Receive free daily summaries of new opinions from the US Court of Appeals for the Sixth Circuit. Subscribe
United States v. Heather Ann Tucci-Jarraf, No. 18-5752 (6th Cir. 2019)Annotate this Case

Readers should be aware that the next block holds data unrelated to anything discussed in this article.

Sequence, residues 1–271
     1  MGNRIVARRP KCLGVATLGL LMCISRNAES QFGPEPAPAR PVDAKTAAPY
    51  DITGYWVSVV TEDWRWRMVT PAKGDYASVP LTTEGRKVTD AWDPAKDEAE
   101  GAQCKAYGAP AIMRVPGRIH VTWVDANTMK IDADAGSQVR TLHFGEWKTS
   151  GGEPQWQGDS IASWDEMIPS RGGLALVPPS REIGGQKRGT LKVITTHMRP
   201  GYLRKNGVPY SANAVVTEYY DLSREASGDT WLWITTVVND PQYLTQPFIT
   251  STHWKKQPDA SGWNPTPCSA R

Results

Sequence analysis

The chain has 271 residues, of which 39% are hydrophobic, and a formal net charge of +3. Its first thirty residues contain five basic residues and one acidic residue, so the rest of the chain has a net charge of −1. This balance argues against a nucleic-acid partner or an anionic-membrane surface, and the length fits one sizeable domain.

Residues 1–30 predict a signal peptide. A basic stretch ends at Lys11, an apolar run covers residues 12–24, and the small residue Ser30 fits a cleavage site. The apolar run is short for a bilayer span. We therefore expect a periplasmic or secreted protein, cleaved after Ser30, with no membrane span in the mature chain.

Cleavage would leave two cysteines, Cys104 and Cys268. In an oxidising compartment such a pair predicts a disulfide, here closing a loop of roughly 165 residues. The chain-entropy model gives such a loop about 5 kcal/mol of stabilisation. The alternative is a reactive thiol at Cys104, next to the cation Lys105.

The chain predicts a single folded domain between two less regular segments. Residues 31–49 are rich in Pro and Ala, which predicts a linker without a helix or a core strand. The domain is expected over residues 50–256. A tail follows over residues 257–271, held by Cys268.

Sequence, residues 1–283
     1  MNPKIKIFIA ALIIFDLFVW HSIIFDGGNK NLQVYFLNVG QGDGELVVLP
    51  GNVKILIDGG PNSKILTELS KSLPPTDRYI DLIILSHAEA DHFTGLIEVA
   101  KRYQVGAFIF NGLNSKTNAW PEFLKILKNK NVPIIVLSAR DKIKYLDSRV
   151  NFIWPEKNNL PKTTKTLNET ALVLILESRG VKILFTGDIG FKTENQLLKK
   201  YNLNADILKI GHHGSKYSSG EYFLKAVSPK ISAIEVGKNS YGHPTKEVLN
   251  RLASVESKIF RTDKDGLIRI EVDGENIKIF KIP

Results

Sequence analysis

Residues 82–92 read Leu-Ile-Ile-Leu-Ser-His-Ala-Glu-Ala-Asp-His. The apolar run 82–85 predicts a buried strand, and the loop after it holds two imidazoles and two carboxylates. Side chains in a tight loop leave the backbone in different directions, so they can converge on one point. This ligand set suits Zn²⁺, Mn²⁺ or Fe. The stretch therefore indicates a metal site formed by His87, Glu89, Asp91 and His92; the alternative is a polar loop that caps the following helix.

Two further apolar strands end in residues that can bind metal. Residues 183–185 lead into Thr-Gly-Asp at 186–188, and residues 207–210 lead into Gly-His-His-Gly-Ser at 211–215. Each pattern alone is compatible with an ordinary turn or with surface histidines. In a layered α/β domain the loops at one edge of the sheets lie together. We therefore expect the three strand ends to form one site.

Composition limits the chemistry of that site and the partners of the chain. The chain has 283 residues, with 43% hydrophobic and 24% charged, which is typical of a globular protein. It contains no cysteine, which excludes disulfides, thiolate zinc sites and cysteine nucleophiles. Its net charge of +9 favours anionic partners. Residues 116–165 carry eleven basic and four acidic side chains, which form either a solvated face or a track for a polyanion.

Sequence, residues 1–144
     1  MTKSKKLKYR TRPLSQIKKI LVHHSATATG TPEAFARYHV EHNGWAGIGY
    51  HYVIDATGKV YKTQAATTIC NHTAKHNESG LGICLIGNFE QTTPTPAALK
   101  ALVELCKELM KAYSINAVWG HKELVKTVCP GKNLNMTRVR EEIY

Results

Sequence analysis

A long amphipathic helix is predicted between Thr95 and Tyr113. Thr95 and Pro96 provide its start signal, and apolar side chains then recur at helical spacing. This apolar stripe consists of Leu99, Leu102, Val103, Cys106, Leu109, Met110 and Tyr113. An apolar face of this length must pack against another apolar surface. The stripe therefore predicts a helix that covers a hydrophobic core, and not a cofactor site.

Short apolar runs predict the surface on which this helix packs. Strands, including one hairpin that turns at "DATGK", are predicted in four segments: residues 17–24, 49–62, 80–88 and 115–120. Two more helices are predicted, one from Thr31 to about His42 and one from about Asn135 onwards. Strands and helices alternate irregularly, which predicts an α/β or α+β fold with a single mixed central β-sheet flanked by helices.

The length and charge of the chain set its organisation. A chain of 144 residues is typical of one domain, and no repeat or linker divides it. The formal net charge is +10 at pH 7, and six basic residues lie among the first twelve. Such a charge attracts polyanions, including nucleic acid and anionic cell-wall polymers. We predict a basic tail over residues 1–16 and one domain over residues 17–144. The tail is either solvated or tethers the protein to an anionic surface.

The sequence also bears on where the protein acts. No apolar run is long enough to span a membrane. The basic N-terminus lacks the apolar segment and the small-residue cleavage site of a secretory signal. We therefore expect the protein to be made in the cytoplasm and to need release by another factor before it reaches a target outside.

RECOMMENDED FOR FULL-TEXT PUBLICATION Pursuant to Sixth Circuit I.O.P. 32.1(b) File Name: 19a0251p.06 UNITED STATES COURT OF APPEALS FOR THE SIXTH CIRCUIT UNITED STATES OF AMERICA, Plaintiff-Appellee, > v. HEATHER ANN TUCCI-JARRAF (18-5752); RANDALL KEITH BEANE (18-5777), Defendants-Appellants. Nos. 18-5752/5777 Appeal from the United States District Court for the Eastern District of Tennessee at Knoxville. No. 3:17-cr-00082—Thomas A. Varlan, District Judge. Decided and Filed: September 24, 2019 Before: SUTTON, COOK, and THAPAR, Circuit Judges. _________________ COUNSEL ON BRIEF: Dennis G. Terez, Beachwood, Ohio, for Appellant in 18-5752. Stephen L. Braga, UNIVERSITY OF VIRGINIA SCHOOL OF LAW, Charlottesville, Virginia, for Appellant in 18-5777. Anne-Marie Svolto, UNITED STATES ATTORNEY’S OFFICE, Knoxville, Tennessee, for Appellee. _________________ OPINION _________________ SUTTON, Circuit Judge. Faced with financial challenges and rising unpaid bills, the individual has two legal options: shed the debts through the humbling act of filing for bankruptcy or find a new source of assets. Randall Beane, with Heather Tucci-Jarraf’s assistance, tried to find a new source of assets: an alleged trust fund of government money in his Nos. 18-5752/5777 United States v. Tucci-Jarraf, et al. Page 2 name. But the money was not his, and along the way the two of them defrauded the United States of $31 million. At their resulting criminal trial, they each asked to represent themselves, a request the court honored after holding a hearing on the matter. The trial did not end well for either of them, as the jury rejected their array of fringe conspiracy theories. On appeal, they argue that the trial court should have forced them to accept counsel in view of their unusual beliefs. Because they knowingly and intelligently made this choice and because self-lawyering does not require the individual to subscribe to conventional legal strategies or other orthodox behavior, we affirm. I For years, Randall Beane honorably worked for our country, serving as an Air Force electrical engineer. At some point he became convinced that the government was spying on the public, prompting a self-described “quest” into the world of conspiracy theories. R. 165 at 168. His internet research led him to the “straw man conspiracy theory.” The government creates for each new citizen, the theory claims, a legal identification—called a straw man—that allows the Federal Reserve to hold in trust that citizen’s inherent “unlimited value.” R. 165 at 170. Proponents believe that by filing paperwork with “the correct verbiage,” R. 181 at 24, they can tap into these trust funds and use them as bottomless expense accounts. Timing is everything. This theory struck a chord with Beane at a vulnerable time, when he owed more money than he could pay on his vehicle, several credit cards, and four personal loans. Before long, he came across the work of Heather Tucci-Jarraf, which did not help matters. A former lawyer who once worked as a prosecutor and public defender, Tucci-Jarraf ran a website, posted videos, and contributed to talk shows about the straw man conspiracy theory. She also produced several faux-legal documents that purported to allow individuals to access their secret trust fund accounts. Seeing Tucci-Jarraf as a visionary who could “make a difference,” Beane reached out to her. R. 165 at 174. She committed to help Beane dispose of his “old energy” and to “move forward and be creative” in getting his financial house in order. Id. Nos. 18-5752/5777 United States v. Tucci-Jarraf, et al. Page 3 Beane found an outlet for his creativity. While browsing Facebook, he came across a video posted by an anonymous user under the moniker of Batman-villain Harvey Dent. Id. The video purported to teach viewers how to access their secret trust fund accounts. But in truth it taught them how to commit wire fraud by exploiting a deficiency in the “Automated Clearing House” network that banks use to transfer funds online. Beane discussed the video with TucciJarraf. She offered her own advice about how to perform the technique and directed him toward potentially helpful documents. On the evening of July 3, Beane gave the Harvey Dent idea a try. Logging onto his bank’s website, he followed the video’s instructions and entered the information it recommended. Account number? His own nine-digit Social Security number. Routing number? The Federal Reserve’s. Using these credentials, Beane made fraudulent payments—in full—on his personal loans, his credit card debt, and his car insurance. Elated, Beane took to Facebook to spread word that he had “just paid off all [his] debts with [his] trust account.” R. 165 at 182. Easy as this was, Beane tried it again on July 5. This time, he bought Certificates of Deposit (CDs) with Federal Reserve funds. With Tucci-Jarraf providing moral support through video-conferencing software, Beane bought CD after CD. He didn’t stop until his computer’s mouse ran out of battery charge. Then he went to bed. Beane awoke the next morning to find over $28 million worth of CDs in his bank account. Before long, he increased the total to $31 million. And before long, he started cashing the CDs. With his debt cleared up and plenty of cash now on hand, he bought an $86,000 truck as well as a half-million-dollar motor home that had two bathrooms, marble floors, and a fireplace. Suspicious of his sudden fortune, one of Beane’s banks froze his account. It also attempted to cancel the payments he made on his new truck and motor home. That’s when Tucci-Jarraf reentered the picture. She advised Beane on how to protect his new assets by placing them in the name of a trust, and prepared pseudo-legal documents on his behalf. Claiming to be Beane’s lawyer, she made phone calls to one of the banks and a dealership to Nos. 18-5752/5777 United States v. Tucci-Jarraf, et al. Page 4 persuade them that he rightfully owned the money he was spending. Her assurances worked, and the bank stopped cancelling the payments. But just for a while. By then, as it happens, a federal investigation had begun. On July 11, federal officers learned that Beane planned to drive off the dealership lot in his new motor home. Officers rushed to the scene, arriving just as Beane started the engine. He refused to exit the vehicle, and agents had to remove him. One of the motor home’s other occupants provided officers with Tucci-Jarraf’s phone number and requested that they contact her. On the phone, Tucci-Jarraf claimed that she was “planning military operations.” R. 162 at 37. Officers arrested her in Washington, D.C., where she had gone after contacting the Secret Service to request a meeting with the President. Beane and Tucci-Jarraf responded to their arrests with a flood of frivolous motions. They demanded hearings on their own identities, the identities of the arresting officers, and the identity of the presiding judge. They asserted that United States courts cannot hold anyone “except by their own consent” and that the United States (a tad more plausibly) is a “bankrupt corporation.” R. 61 at 29, 61. They submitted hundreds of pages of pointless Uniform Commercial Code filings, allegedly related to something called “The One People’s Public Trust.” R. 18. They mailed the court an itemized bill seeking payment of over $46 quintillion dollars. On and on it went. Concerned that such conduct might confuse a jury, the judge granted a motion in limine that barred the defendants from raising similar arguments at trial. Beane and Tucci-Jarraf asked to represent themselves. The judge held a hearing for each of them, complete with the standard-issue inquiries and cautions about self-representation. The defendants provided some unusual answers, but after an extended colloquy the judge concluded that they had knowingly and intelligently waived their right to counsel. He granted their requests. As a safeguard, he granted their request to appoint standby counsel, who can help the defendant during the trial and who can take over if the judge ends the defendant’s selfrepresentation. See McKaskle v. Wiggins, 465 U.S. 168, 176–78 (1984). The defendants did their best. They cross-examined the government’s witnesses, introduced evidence, testified on their own behalf, and used their closing statements to justify Nos. 18-5752/5777 United States v. Tucci-Jarraf, et al. Page 5 their worldview. But their best was not good enough. The jury convicted Beane of bank and wire fraud, 18 U.S.C. §§ 1343, 1344, and both defendants of conspiracy to commit money laundering, id. § 1956(h). The court sentenced Beane to 155 months and ordered him to pay over a half-million dollars in restitution. The court sentenced Tucci-Jarraf to 57 months. II Beane and Tucci-Jarraf have had second thoughts about representing themselves. On appeal, they argue that the trial judge should have saved them from themselves. No cause for reversal has been shown. The right to counsel of the Sixth Amendment has paternalistic and libertarian components to it. On one side, all defendants have the right to counsel in criminal cases, along with the right to have the government appoint counsel if the defendant cannot afford it, all to the end of ensuring that the government does not remove someone’s liberty to live freely in society without sound legal representation. U.S. Const. amend. VI; see Gideon v. Wainwright, 372 U.S. 335, 344 (1963). On the other side, all defendants, whether lawyers or not, have a right to represent themselves—what amounts to the right to reject counsel and to confront the government alone. See Faretta v. California, 422 U.S. 806, 817–18 (1975). Vindication of the goals of the second option often comes at the expense of the goals of the first. Look no further than one reality of self-representation to see the tension. While the Sixth Amendment guarantees a minimum level of competence that all criminal defense lawyers must meet during a criminal case, see Strickland v. Washington, 466 U.S. 668, 686 (1984), that guarantee does not apply to self-representation, see Faretta, 422 U.S. at 834 n.46. The right to waive counsel includes the right to waive effective counsel. The self-lawyer thus is free to behave as the eccentric his client selected, and that is no concern of the Sixth Amendment. See Wiggins, 465 U.S. at 177 n.8. Libertarian indeed. All of this confirms that, generally speaking, the only way out of the consequences of bad representation in a self-represented criminal trial is proof that the trial court erred in letting the Nos. 18-5752/5777 United States v. Tucci-Jarraf, et al. Page 6 individual represent himself to begin with. Here are the two questions the trial court must answer affirmatively before it allows self-lawyering. Did the defendant expressly waive the right to counsel in a knowing and intelligent manner? See United States v. Heard, 762 F.3d 538, 542– 43 (6th Cir. 2014). And did the defendant have the mental competence to quarterback his own defense? See id. at 543. If the answer to either question is no, the judge must appoint counsel. In all other cases, the defendant has the right, the constitutional right, to go it alone. Knowing and intelligent waiver. The first question to answer is whether the defendants properly surrendered their right to counsel. We have oscillated on the appropriate standard of review, at times giving the issue a fresh look, at times reviewing for plain error, and at times omitting any discussion of the relevant standard. See id. at 542–43; United States v. McBride, 362 F.3d 360, 365 (6th Cir. 2004). Nothing turns on this distinction here. When Beane and Tucci-Jarraf asked to represent themselves, they received all the vetting the law requires. The judge gave each defendant a proper Faretta hearing, during which he asked—and assessed their answers to—the full suite of required questions. See id. at 366. He also properly informed them of the severity of the charges against them and the risks of selfrepresentation. See United States v. Williams, 641 F.3d 758, 766–67 (6th Cir. 2011). Despite these warnings, the defendants remained unequivocal that they wished to proceed alone. And their answers showed engagement with the risks and challenges of self-representation. Beane conceded his relative ignorance of the Rules of Evidence and Rules of Criminal Procedure. Tucci-Jarraf recognized that, despite having gone to law school and been a lawyer at one point, she’d need to “refresh” herself on them as well. R. 39 at 18. Both defendants also had the good sense to request standby counsel, even without the judge’s prompting. Other facts supported the court’s decision. Both defendants previously held demanding jobs. Beane was an electrical engineer, Tucci-Jarraf a prosecutor and public defender. See Iowa v. Tovar, 541 U.S. 77, 88 (2004). Both had experience representing themselves in court. Beane did so in a civil dispute, Tucci-Jarraf in a criminal one. See Parshay v. Buchkoe, 427 F.2d 978, 980 (6th Cir. 1970). The alleged criminal conduct involved complex financial activity, demonstrating that both defendants had plenty of mental acuity. See United States v. Abdulmutallab, 739 F.3d 891, 902 (6th Cir. 2014). And although not dispositive, see United Nos. 18-5752/5777 United States v. Tucci-Jarraf, et al. Page 7 States v. Miller, 531 F.3d 340, 348–50 (6th Cir. 2008), neither defendant has any documented “history of psychological problems,” Abdulmutallab, 739 F.3d at 901. Beane and Tucci-Jarraf nevertheless protest the knowledge and free will requirements of their waivers by pointing to portions of their Faretta hearing in which they gave odd answers to straightforward questions. When asked to be sworn in at the hearing, Beane and Tucci-Jarraf both initially replied by saying, “I am source of all that is.” R. 39 at 13; R. 40 at 7. And TucciJarraf flags some instances in which she quibbled over meaningless turns of phrase—the difference between the “true” and the “truthful” and the difference between “pro se” and “pro per” representation. R. 39 at 9, 13–14. But throughout these verbal quibbles, they listened carefully to the judge’s questions and gave lucid answers. None of these answers suggested that they misunderstood the questions or had cold feet about representing themselves. Beane argues that the judge shouldn’t have let him self-lawyer at the same trial that Tucci-Jarraf self-lawyered because she once was an attorney. But Beane never thought TucciJarraf was representing him at trial. The judge indeed “assure[d]” Beane that she could not do so, and Beane acknowledged as much. R. 40 at 17–18. Maybe Beane means only to say that he foolishly adopted Tucci-Jarraf’s trial strategy. But that fact alone wouldn’t justify severance, as it carries no “serious risk” of compromising one of Beane’s “specific trial right[s].” See Zafiro v. United States, 506 U.S. 534, 539 (1993). And even if Tucci-Jarraf had advanced a defense directly antagonistic to Beane’s, this would present an issue only if that defense had the potential to “mislead or confuse the jury.” See United States v. Bond, 22 F.3d 662, 666 (6th Cir. 1994). No such issue arose. And at all events Beane never asked below to sever the trials. Competence. Both defendants claim they should not have been allowed to represent themselves without a competency hearing. Mental incompetence is a “high” bar to clear. Miller, 531 F.3d at 350. To qualify, defendants must lack the wherewithal “to understand the nature and consequences” of the proceedings against them or to “assist properly” in defending themselves. 18 U.S.C. § 4241(a). Because this requires proof of a “deep breakdown” in cognition, United States v. Coleman, 871 F.3d 470, 477 (6th Cir. 2017), even patients with chronic severe mental illness often fall short of the threshold, see United States v. Davis, 93 F.3d 1286, 1290 (6th Cir. 1996). Trial judges must hold a competency hearing in the context of a Faretta claim only Nos. 18-5752/5777 United States v. Tucci-Jarraf, et al. where they find “reasonable cause” for concern. 18 U.S.C. § 4241(a). Page 8 This demands a “difficult,” fact-intensive judgment call by the trial court, Drope v. Missouri, 420 U.S. 162, 180 (1975), one that generates a heap of deference, see United States v. Stafford, 782 F.3d 786, 791 (6th Cir. 2015). Just how much deference is up for debate. We’ve never decided whether to review for abuse of discretion or plain error. See Coleman, 871 F.3d at 474. No matter how you slice it, however, neither defendant clears either one of these lofty bars. Beane and Tucci-Jarraf never gave the judge adequate cause to fear for their mental competence. At all stages of the proceedings they stuck to the prescribed rules, interacted courteously with the court and prosecution, and collaborated effectively with their appointed standby counsel. The government, notably, had to raise only a few objections at trial, all relatively minor. And on the rare occasion when the judge provided instruction, they heeded it without protest. Nor did Beane and Tucci-Jarraf’s defense suggest they lacked the capacity to compete with the prosecution. While they gave plenty of airtime to implausible conspiracy theories, they succeeded in other respects. During cross-examination, they asked logical questions aimed at exposing gaps in the witnesses’ knowledge and inconsistencies in the prosecution’s narrative. During their testimony, they successfully introduced helpful biographical details—information about their upbringings, their motivations, and their histories of government service. And during their closing arguments, they clearly explained their belief system, and articulated why it led them to do what they did. Sure, experienced counsel would have done a better job. But that reality doesn’t show the defendants were too incompetent to defend themselves. Else, laypeople could never represent themselves. Tucci-Jarraf separately challenges this conclusion on the ground that she should not have been permitted to stand trial, with or without a lawyer. But we tend to treat both claims—this one and the one just addressed—as “identical.” United States v. Gooch, 850 F.3d 285, 289–90 (6th Cir. 2017). Although trial judges may from time to time impose counsel on mentallycompromised defendants just competent enough to stand trial, see Indiana v. Edwards, 554 U.S. 164, 177–78 (2008), they aren’t required to paternalize defendants in this way, see Stafford, 782 F.3d at 791. Nos. 18-5752/5777 United States v. Tucci-Jarraf, et al. Page 9 That leaves the main challenge both defendants raise to their self-representation: that their idiosyncratic actions and unconventional beliefs established proof by themselves of unsound mind. But if committing murder does not automatically generate a competency hearing or incompetency finding, we are hard pressed to understand why fantastic financial crimes would automatically do so. See, e.g., Maggio v. Fulford, 462 U.S. 111, 117 (1983) (per curiam); Warren v. Lewis, 365 F.3d 529, 533 (6th Cir. 2004). The hard reality is that the libertarian values of the Sixth Amendment allow individuals charged with crimes to act in unorthodox ways even if that compromises other values of the Sixth Amendment. Just as the First Amendment does not require the individual to accept the most defensible and battle-tested political views, see W. Va. State Bd. of Educ. v. Barnette, 319 U.S. 624, 642 (1943), so the Sixth Amendment does not require adherence to orthodox criminal defense strategies. In case after case, we have rejected this argument for comparable reasons. See, e.g., Gooch, 850 F.3d at 289; Coleman, 871 F.3d at 476; United States v. Powell, 847 F.3d 760, 775 (6th Cir. 2017). So have our sister circuits. See, e.g., United States v. James, 328 F.3d 953, 955 (7th Cir. 2003); United States v. Neal, 776 F.3d 645, 656–57 (9th Cir. 2015). For its part, the Supreme Court has never suggested that eccentric worldviews, standing alone, establish mental incompetence. See, e.g., Cheek v. United States, 498 U.S. 192, 195–96, 201 (1991). The hard fact is that intelligent people, even very intelligent people, can believe baffling things. The same brain that allows them to be very intelligent can, when combined with financial and other stresses, trigger all kinds of irrational behavior. Count Beane and Tucci-Jarraf among that number. Count also the thousands of other straw man conspiracy theory proponents nationwide. These individuals of course are misguided, some dangerously so. But that doesn’t mean they inhabit a “private mental world” wholly divorced from reality. James, 328 F.3d at 955. And it certainly doesn’t shield them from the consequences of their actions. Membership in our democracy, sad to say, does not come with an unlimited trust fund, at least a financial one. But it does come with a view of the dignity of individuals to make weighty decisions for themselves. That’s why they may reject life-saving healthcare, Cruzan v. Dir., Mo. Dep’t of Health, 497 U.S. 261, 278 (1990), consent to incriminating searches, Schneckloth v. Bustamonte, 412 U.S. 218, 222 (1973), conduct their own criminal defense as they see fit, Nos. 18-5752/5777 United States v. Tucci-Jarraf, et al. Page 10 Faretta, 422 U.S. at 817–18, and—perhaps most harmful but rational all the same—confess to the commission of a crime, Godinez v. Moran, 509 U.S. 389, 396 (1993). Exercising these rights sometimes costs individuals more than they ever could stand to gain. But the Constitution lets American citizens learn that lesson the hard way. III Tucci-Jarraf separately contests the two-level enhancement she received for using her “special skill” as a lawyer to “significantly facilitate the commission or concealment” of a criminal offense. U.S.S.G. § 3B1.3. We see nothing improper about this enhancement, even if this skill did not prove effective at trial. The Sentencing Guidelines list legal training as a “special skill.” Id. cmt. n.4. And the judge did not err in concluding that Tucci-Jarraf used that training to assist Beane in the “commission” and “concealment” of his fraud. Commission: Tucci-Jarraf advised Beane how to perform parts of the scheme. Concealment: Tucci-Jarraf’s legal training helped her prepare documents that “increased [her] credibility” with the banks, which allowed her to delay the discovery of the fraud. R. 164 at 128. Not quite so, counters Tucci-Jarraf. While she has experience as a practicing lawyer, the documents she produced and the arguments she made were devoid of real law. We agree that the arguments were frivolous, but that reality does not get her off the hook. Tucci-Jarraf’s goal wasn’t to fool a veteran attorney; it was to use legal jargon and official-looking documents to disorient bank and dealership employees. And she succeeded for a while. At trial, one bank employee testified that Tucci-Jarraf’s identification of herself as Beane’s lawyer “definitely played a role” in the bank’s decision not to rescind payment promptly. R. 164 at 130. That sounds a lot like United States v. Crosgrove, where we upheld a special-skill enhancement because the lawyer “held himself out” as an entity’s counsel, giving those who dealt with him the mistaken impression their claims would be “handled properly.” 637 F.3d 646, 667 (6th Cir. 2011). So too for Tucci-Jarraf. Sure, Tucci-Jarraf’s efforts to protect Beane failed in the end. But that doesn’t prevent the “special skill” enhancement from applying. Even ultimately “unsuccessful” conduct can “preclude further inquiry.” United States v. Atkin, 107 F.3d 1213, 1220 (6th Cir. 1997). When Nos. 18-5752/5777 United States v. Tucci-Jarraf, et al. Page 11 it comes to crimes like conspiracy, we require only that a defendant intended to employ her special skill in furtherance of a crime. See, e.g., United States v. Turner, 272 F.3d 380, 390 (6th Cir. 2001); see also, e.g., United States v. Nelson-Rodriguez, 319 F.3d 12, 58 (1st Cir. 2003); United States v. Downing, 297 F.3d 52, 65 (2d Cir. 2002). Successful or otherwise, Tucci-Jarraf harbored just such an intent. We affirm.